Young cystic fibrosis sufferer who planned his own funeral having been told he would not see his 21st birthday celebrating after receiving last minute double lung transplant
A young man who planned his own funeral has received a life-saving lung transplant just hours after his mum — prayed for a MIRACLE.
Doctors told brave Levi Haines his cystic fibrosis would kill him before his 21st birthday unless donor organs were found.
Levi’s family even requested an advance copy of the new Star Wars movie as he was not expected to survive to watch it at the cinema.
He had been on the transplant list for six months and, with his lung function dropping to 20 per cent, Levi’s time was running out.
Levi’s mum Tracie Tookey, 46, took to Facebook informing the family that they “needed a miracle” – and just hours later received a call to say a match had been found.
Now, following a successful 10 hour double lung transplant, Levi, 22, is looking forward to a bright future.
Levi, who had suffered cystic fibrosis since birth, said he hoped his remarkable turnaround in fortunes would inspire other cystic fibrosis sufferers not to give up hope.
He had planned his own funeral, and his brother Josh, 19, called Lucasfilm for an advance copy of the new Star Wars movie, worried his brother wouldn’t make it to Christmas.
Levi said: “I want to hold down a job and learn to drive, just normal stuff which everyone else takes for granted.
“I can see the CF team’s excitement with me at Derriford Hospital because they work with so many people who don’t make it. I have grown up with them and they have been amazing.
“I want to say to other CF sufferers – don’t give up. Keep going as long as you can. If you’re thinking about going on the transplant list, it’s a life changer.”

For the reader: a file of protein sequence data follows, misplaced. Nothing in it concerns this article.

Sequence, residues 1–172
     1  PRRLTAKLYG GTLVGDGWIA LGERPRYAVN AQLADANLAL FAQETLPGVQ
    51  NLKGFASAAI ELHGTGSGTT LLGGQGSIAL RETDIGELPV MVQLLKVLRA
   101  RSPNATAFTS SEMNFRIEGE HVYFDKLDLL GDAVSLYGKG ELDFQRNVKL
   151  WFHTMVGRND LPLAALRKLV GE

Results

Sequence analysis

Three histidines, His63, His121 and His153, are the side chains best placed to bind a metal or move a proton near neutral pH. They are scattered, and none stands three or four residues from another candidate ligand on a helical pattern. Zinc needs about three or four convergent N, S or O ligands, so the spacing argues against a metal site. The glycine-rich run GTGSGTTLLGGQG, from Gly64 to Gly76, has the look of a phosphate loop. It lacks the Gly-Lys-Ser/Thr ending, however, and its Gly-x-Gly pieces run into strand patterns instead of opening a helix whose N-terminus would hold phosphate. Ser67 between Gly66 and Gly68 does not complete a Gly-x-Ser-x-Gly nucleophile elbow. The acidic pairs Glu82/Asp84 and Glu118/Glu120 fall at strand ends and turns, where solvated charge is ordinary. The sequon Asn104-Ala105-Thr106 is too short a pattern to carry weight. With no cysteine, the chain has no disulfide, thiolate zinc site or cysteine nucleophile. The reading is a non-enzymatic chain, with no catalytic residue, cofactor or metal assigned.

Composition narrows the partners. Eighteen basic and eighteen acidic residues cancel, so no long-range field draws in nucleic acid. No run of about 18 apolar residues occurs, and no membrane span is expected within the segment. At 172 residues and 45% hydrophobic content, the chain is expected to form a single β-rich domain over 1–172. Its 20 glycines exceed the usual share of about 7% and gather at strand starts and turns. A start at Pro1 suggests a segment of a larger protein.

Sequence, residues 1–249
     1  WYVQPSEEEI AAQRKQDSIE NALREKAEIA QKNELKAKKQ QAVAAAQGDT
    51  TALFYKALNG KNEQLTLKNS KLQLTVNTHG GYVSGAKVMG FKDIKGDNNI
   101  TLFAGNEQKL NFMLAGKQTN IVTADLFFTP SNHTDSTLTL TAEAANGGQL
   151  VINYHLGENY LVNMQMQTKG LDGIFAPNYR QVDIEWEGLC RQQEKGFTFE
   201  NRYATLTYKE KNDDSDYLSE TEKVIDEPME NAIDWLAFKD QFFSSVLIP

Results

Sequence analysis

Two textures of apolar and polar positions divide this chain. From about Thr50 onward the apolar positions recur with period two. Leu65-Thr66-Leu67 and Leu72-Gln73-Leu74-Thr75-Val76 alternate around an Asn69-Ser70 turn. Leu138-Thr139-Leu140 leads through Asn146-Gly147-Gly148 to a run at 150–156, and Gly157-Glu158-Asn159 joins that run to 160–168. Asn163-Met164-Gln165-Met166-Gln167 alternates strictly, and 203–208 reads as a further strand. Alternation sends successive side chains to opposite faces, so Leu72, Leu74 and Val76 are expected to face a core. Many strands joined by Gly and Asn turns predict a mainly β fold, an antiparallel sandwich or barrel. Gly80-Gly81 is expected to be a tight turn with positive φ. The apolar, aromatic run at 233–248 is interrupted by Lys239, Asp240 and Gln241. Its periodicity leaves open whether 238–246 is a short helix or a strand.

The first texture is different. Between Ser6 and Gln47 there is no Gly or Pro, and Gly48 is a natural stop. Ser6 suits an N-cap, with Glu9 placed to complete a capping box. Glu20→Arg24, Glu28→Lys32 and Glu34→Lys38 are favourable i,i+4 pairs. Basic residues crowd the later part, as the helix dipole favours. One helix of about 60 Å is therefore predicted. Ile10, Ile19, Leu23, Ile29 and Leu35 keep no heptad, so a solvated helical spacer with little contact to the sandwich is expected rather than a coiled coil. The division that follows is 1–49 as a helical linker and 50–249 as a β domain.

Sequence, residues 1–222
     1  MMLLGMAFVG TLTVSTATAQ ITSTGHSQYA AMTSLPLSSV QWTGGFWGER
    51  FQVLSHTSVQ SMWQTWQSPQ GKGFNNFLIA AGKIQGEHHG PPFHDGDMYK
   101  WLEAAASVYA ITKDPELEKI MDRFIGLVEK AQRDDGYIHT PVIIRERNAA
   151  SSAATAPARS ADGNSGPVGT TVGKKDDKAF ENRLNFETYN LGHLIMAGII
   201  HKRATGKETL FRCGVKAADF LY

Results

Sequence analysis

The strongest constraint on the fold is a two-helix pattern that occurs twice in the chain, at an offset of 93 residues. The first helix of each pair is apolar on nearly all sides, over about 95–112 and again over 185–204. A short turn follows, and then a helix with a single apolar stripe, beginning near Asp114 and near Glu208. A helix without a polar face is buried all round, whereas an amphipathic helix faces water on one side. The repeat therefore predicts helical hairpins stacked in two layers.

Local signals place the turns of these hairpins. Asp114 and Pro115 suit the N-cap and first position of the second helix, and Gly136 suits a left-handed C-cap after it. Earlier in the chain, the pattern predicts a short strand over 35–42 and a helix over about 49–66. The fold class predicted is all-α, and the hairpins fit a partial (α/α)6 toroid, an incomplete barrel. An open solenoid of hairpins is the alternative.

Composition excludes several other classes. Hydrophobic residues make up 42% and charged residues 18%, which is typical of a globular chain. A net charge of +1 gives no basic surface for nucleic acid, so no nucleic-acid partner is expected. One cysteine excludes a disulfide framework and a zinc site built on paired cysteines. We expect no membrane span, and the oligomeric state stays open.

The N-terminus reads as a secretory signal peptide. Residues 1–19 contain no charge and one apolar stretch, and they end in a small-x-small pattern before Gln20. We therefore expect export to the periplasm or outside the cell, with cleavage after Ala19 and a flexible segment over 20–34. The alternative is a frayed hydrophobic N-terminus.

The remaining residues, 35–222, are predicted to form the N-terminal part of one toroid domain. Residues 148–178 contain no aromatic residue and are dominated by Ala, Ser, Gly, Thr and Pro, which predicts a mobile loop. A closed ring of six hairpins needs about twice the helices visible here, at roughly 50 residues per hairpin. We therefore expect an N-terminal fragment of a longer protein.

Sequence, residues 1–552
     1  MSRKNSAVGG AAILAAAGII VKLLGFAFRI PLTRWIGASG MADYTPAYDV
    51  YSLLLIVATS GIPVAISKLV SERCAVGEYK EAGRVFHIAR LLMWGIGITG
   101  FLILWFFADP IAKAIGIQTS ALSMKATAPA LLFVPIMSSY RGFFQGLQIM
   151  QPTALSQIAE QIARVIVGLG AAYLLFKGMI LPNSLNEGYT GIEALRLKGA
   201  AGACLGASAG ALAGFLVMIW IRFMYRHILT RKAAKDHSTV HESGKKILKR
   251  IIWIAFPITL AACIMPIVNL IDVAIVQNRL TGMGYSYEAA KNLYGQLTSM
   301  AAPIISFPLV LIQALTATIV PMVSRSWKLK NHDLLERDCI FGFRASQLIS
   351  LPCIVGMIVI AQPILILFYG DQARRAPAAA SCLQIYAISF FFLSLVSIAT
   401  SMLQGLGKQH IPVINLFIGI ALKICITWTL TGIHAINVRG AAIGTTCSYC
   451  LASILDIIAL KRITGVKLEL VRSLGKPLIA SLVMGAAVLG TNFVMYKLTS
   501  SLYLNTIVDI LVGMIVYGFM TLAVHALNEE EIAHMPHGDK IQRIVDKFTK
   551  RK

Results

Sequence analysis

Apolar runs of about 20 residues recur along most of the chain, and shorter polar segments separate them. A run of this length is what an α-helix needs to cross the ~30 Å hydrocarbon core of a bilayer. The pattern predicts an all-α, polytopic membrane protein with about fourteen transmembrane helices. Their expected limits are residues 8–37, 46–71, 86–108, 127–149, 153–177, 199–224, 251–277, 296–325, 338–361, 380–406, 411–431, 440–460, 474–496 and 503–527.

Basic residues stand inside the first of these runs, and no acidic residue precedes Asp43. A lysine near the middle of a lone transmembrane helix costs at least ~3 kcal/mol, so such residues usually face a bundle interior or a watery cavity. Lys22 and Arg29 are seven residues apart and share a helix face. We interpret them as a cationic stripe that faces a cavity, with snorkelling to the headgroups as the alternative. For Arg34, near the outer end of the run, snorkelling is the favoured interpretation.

Levi said he had kept his phone under his pillow so he wouldn’t miss a call if it came, and it rang at 3am in late February.
He was whisked into surgery at 2.30pm the next day, at Harefield Hospital in London.
He said: “When I was a child having cystic fibrosis was fine. But later the teenage rebellion kicks in and you want to stay out with your friends. I wasn’t very compliant. The doctors told me I needed to turn it around.
“When I was 19 they told me I wouldn’t see my 21st birthday.
“I was well enough to go through it but sick enough to need it. I wasn’t really having any quality of life. My life was just to do my medication.
Levi lives with mum Tracie, stepdad Glenn, brothers Tom, 13, and Zack, 8, in Plymouth, Devon.
Speaking of her joy about the transplant, Tracey said: “It was one of the few things in his life that’s gone right. He had the right blood type and the other tests were fine.
“It was very emotional because someone has had to say goodbye to a loved one so we can hang on to Levi.
“Things can change very quickly and there was a fear the lungs might not be suitable.
“We had a family hug and all cried for the donor and the sadness that family must have felt.
“The doctors kept saying what a superhero he was. He should have been in intensive care for a week but he was there for two days.”
Ten hours later Levi came back from surgery and has continued to gain strength ever since.
He said: “I was very out of it at first. I was on a ventilator and couldn’t talk and couldn’t see.
“I used to spend hours a day taking my medication, but now my medication takes one hour in total. I’m getting better every day. It could take me weeks to get to full strength.”
Levi’s lung function is already at 47 per cent and while he needs to watch what he eats, be careful in the sun and steer clear of people with coughs and colds, is looking forward to the future.